Whether we view the matter solely from the express provisions of the contract or whether we consider, in connection therewith, all the attendant circumstances, we have no hesitancy in declaring not only that the discretion of the manager in respect of the exchange was legally and soundly exercised, but that common sense, fair dealing among all the members of the syndicate, their inseparable connection with each other, and the anomalous situation that would be presented if 4,185 units, represented by 746 individuals, content and malcontent, were put in charge of an industry having the proportions of the one here involved, warranted, and from every practical and logical standpoint necessitated, the metamorphosis of syndicate units into stock certificates. We hold that the syndicate manager had the authority to make the exchange, and that its discretion was soundly and properly exercised in making the transfer.

[5] We now take up respondents' assignments of error. The refusal of the court to compel a reconveyance of the Big Four Inn from Mr. Dickey, we think, was fully justified. The record shows that the property was not only an empty bag, but a bag with a hole in it. The inn meant nothing as an asset; its proportions were large as a liability. Though in form the transaction by which the inn was disposed of was by bill of sale, it was in fact an abandonment of the property. We agree with the trial court that the manager exercised a wise and sound discretion in getting rid of it.

As to the matter of a receivership, what we have already said seems to us to be a sufficient answer to respondents' contention. We need only to add a brief reference to a case arising upon a somewhat similar state of facts and decided by this court many years ago. Frost v. Puget Sound Realty Associates, 57 Wn. 629, 107 P. 1029. In that case, the corporation floated a series of income profit-sharing bonds, the proceeds of which were to be invested in business properties to the extent of seven hundred and forty thousand dollars. Due to the panic of 1907, the company met with serious losses, and consequently, was unable to pay dividends. Some fifty investors, representing about fifteen thousand dollars in bonds, began an action to secure the appointment of a receiver. Thereupon, two hundred and forty-two investors, representing over two hundred thousand dollars in bonds, intervened for the purpose of resisting such appointment. In reversing the trial court, this court held that, assuming that a trust had been created of which the corporation was a trustee, still the appointment of a receiver would not be authorized, under the existing facts. The court said:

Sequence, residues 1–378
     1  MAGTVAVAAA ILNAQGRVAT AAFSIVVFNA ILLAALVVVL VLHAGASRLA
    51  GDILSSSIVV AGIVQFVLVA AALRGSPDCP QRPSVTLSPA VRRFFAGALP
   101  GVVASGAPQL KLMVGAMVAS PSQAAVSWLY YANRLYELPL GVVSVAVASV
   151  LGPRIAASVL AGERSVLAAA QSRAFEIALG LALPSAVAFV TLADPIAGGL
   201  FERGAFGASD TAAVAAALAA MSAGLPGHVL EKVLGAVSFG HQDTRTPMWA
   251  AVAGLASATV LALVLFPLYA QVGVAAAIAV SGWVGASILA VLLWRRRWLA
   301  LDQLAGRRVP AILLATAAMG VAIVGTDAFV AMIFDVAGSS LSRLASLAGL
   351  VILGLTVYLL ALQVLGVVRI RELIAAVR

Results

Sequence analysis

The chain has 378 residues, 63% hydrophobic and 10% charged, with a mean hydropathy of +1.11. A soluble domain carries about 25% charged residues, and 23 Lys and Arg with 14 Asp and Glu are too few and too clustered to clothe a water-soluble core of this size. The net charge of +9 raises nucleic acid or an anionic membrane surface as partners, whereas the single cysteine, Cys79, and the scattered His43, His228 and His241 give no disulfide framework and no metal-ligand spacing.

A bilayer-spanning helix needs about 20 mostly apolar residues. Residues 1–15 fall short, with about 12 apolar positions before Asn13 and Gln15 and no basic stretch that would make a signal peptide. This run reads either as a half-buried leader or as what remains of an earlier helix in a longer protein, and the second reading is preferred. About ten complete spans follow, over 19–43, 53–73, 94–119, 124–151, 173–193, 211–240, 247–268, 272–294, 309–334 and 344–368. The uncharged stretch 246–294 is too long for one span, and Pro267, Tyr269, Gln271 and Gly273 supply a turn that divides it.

"Not only have the respondents subscribed for the bonds, but some twenty-seven hundred others have likewise subscribed, and have also invested their money in the common venture. They and the appellant corporation have thereby acquired valuable rights, and under such circumstances it would seem that the participating respondents should now be estopped from questioning the validity of their contractual relations . . ."

And further:

"Only a small number of the investors ask or desire a receivership. . . . On the other hand, the interveners, who represent over $200,000 par value of these bonds, earnestly desire that the appellant may continue in charge, insisting that less expense will be thereby incurred, and that the investors' interests will be thus best subserved. This fact, while not controlling, should be taken into consideration in connection with other questions discussed, in passing upon the application for a receiver. All other investors have remained inactive, or have at least refrained from joining in this consolidated action. Considering this attitude of the bondholders, the fact that the present but temporary difficulties of this corporation have been caused largely by the panic of 1907, aided by the activities of a discharged employee, the further fact that the evidence shows the appellant corporation is doing all in its power to conserve and protect the interests of the investors, and that it is not insolvent, it would seem that no greater hardship could be imposed upon investors, bondholders or stockholders than a receivership."

This same language, both in premise and in conclusion, might well be written of the case before us.

Reversed, with instructions to dismiss the action.


Summaries of

Thomle v. Soundview Pulp Co.

The Supreme Court of Washington
Mar 7, 1935
42 P.2d 19 (Wash. 1935)
Case details for

Thomle v. Soundview Pulp Co.

Case Details

Full title:KRISTINE THOMLE et al., Respondents and Cross-appellants, v. SOUNDVIEW…

Court:The Supreme Court of Washington

Date published: Mar 7, 1935


42 P.2d 19 (Wash. 1935)
42 P.2d 19
181 Wash. 1